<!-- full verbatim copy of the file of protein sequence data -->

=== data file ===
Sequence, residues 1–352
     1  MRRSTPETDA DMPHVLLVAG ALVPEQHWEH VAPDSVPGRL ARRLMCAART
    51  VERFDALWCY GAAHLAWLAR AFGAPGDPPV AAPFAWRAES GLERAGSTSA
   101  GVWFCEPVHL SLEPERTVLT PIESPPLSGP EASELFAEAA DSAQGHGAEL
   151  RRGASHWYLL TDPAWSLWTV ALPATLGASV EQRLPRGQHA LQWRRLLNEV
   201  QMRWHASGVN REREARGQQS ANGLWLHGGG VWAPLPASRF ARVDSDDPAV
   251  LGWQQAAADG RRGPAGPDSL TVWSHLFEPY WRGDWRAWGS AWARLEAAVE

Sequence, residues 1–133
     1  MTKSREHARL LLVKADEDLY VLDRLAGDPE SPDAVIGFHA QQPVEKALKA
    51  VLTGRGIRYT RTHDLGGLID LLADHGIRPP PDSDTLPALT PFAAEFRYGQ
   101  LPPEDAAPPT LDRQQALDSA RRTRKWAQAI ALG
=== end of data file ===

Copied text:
Sequence, residues 1–352
     1  MRRSTPETDA DMPHVLLVAG ALVPEQHWEH VAPDSVPGRL ARRLMCAART
    51  VERFDALWCY GAAHLAWLAR AFGAPGDPPV AAPFAWRAES GLERAGSTSA
   101  GVWFCEPVHL SLEPERTVLT PIESPPLSGP EASELFAEAA DSAQGHGAEL
   151  RRGASHWYLL TDPAWSLWTV ALPATLGASV EQRLPRGQHA LQWRRLLNEV
   201  QMRWHASGVN REREARGQQS ANGLWLHGGG VWAPLPASRF ARVDSDDPAV
   251  LGWQQAAADG RRGPAGPDSL TVWSHLFEPY WRGDWRAWGS AWARLEAAVE

Sequence, residues 1–133
     1  MTKSREHARL LLVKADEDLY VLDRLAGDPE SPDAVIGFHA QQPVEKALKA
    51  VLTGRGIRYT RTHDLGGLID LLADHGIRPP PDSDTLPALT PFAAEFRYGQ
   101  LPPEDAAPPT LDRQQALDSA RRTRKWAQAI ALG